WESTPORT — Beloved former music store owner Sally White died Wednesday at Autumn Lake Healthcare in Norwalk. White, who was in her late 80s, owned Sally’s Place on Main Street in Westport for 27 years, where she sold vinyl records, tapes, and CDs and inspired generations of music lovers.

In the music business on Westport’s Main Street since 1956, White started out at Melody House and then transitioned to the record section at Klein’s, where she worked until the department store closed in 1985 and she set out to open her own shop.

A lifelong Norwalk resident and single mother of two, White was an honorary Westporter and remembered as a mythic figure in town.

Resident Morley Boyd grew up in town and remembers Sally’s non-judgmental manner.

“With Sally there were no stupid questions, so even the musically challenged—such as myself—felt right at home. I marveled at her passion and sometimes wondered what it would be like if she ran the town,” Boyd said.

First Selectman Jim Marpe said White’s knowledge of music was “encyclopedic” and called her “the epitome of the locally-owned and -operated businessperson.”

One memory of White stuck out in Marpe’s mind.

“I remember chatting with Sally about a relatively-obscure jazz musician and arranger who was a friend and part of a large jazz band. She knew more about him that I did and had never met him,” Marpe said.

Wendy Crowther grew up in Westport and lives here still. She said her mother, Alice Crowther, used to teach an aerobic dance class at the YMCA in town and would go to Sally’s to pick out music for her class.

“My mom would go into Sally’s and often wouldn’t know the name of a song she liked but would sing the song to Sally—say, ‘It goes like this’—and Sally knew exactly what she was saying. She had this incredible brain for and knowledge of music,” Crowther said. “She radiated enthusiasm and warmth and was so helpful. She could find anything for you from jazz to rap. She knew everything.”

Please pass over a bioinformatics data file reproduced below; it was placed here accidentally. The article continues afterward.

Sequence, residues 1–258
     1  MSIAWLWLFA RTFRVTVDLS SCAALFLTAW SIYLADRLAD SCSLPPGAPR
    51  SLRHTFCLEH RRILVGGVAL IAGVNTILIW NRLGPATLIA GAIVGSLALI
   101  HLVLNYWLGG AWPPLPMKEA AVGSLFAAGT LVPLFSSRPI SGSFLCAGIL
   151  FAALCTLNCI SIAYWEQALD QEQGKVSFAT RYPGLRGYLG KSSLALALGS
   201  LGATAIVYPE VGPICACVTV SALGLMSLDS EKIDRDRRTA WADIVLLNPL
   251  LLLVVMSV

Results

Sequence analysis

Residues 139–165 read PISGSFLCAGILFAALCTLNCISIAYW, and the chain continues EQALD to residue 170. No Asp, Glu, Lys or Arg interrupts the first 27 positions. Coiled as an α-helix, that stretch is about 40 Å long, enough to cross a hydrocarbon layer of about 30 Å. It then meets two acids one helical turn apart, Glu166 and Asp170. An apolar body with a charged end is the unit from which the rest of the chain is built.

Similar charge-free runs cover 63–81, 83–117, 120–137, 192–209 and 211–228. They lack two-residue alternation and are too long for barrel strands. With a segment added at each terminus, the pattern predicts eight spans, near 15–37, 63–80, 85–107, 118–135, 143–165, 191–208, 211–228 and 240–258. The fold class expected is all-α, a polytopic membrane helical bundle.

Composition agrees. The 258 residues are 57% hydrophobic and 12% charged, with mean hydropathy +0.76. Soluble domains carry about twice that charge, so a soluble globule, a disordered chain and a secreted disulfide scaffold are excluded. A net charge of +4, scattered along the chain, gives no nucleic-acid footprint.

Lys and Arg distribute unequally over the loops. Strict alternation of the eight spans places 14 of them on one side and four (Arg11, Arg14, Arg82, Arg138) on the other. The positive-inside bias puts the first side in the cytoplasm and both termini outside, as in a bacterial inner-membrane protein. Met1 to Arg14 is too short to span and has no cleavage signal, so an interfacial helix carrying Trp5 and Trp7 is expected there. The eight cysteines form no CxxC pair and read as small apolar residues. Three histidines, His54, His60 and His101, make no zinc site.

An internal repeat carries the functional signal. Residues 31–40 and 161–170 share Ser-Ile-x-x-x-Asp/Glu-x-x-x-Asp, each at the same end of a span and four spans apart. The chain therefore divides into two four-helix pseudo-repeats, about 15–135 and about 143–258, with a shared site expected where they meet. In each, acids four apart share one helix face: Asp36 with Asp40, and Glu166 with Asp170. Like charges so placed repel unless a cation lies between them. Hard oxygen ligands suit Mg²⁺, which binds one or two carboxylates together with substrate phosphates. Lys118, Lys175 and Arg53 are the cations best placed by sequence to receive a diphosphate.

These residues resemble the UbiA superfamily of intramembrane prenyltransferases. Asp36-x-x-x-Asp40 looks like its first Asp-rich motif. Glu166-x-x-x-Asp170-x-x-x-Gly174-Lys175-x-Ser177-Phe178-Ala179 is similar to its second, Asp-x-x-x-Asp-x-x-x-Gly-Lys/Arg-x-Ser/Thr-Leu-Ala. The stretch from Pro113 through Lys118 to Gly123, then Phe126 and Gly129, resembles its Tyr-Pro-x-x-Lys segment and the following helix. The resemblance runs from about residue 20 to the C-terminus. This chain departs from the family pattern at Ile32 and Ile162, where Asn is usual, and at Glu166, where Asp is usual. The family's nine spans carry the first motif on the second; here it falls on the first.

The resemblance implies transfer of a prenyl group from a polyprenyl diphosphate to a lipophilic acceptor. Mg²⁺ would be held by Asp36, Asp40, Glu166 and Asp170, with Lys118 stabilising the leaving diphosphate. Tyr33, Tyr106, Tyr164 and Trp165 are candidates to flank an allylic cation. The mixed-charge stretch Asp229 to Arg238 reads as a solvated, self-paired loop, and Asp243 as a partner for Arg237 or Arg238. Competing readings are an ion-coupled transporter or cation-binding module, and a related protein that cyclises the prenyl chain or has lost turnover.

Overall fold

Chip Stephens, a resident of Westport since he was four, said he appreciated White’s ability to point customers in the direction of music they may like in a time before streaming services did that for you.

Once in the 1970s, Stephens said he and his school friends went into the music section at Klein’s and Sally told them about a great Simon & Garfunkel concert she attended. Sally’s description and enthusiasm for the band inspired Stephens to want to see the band perform live, so when he got the chance 10 years later in New York City he took it.

Sally’s place closed in 2013 due to the easy availability of music on the internet that made it difficult for retail music stores to compete, White said in a 2013 interview.

Brick and mortar music stores may be a thing of the past, but memories of White will certainly live on in the minds, and music, of many Westporters.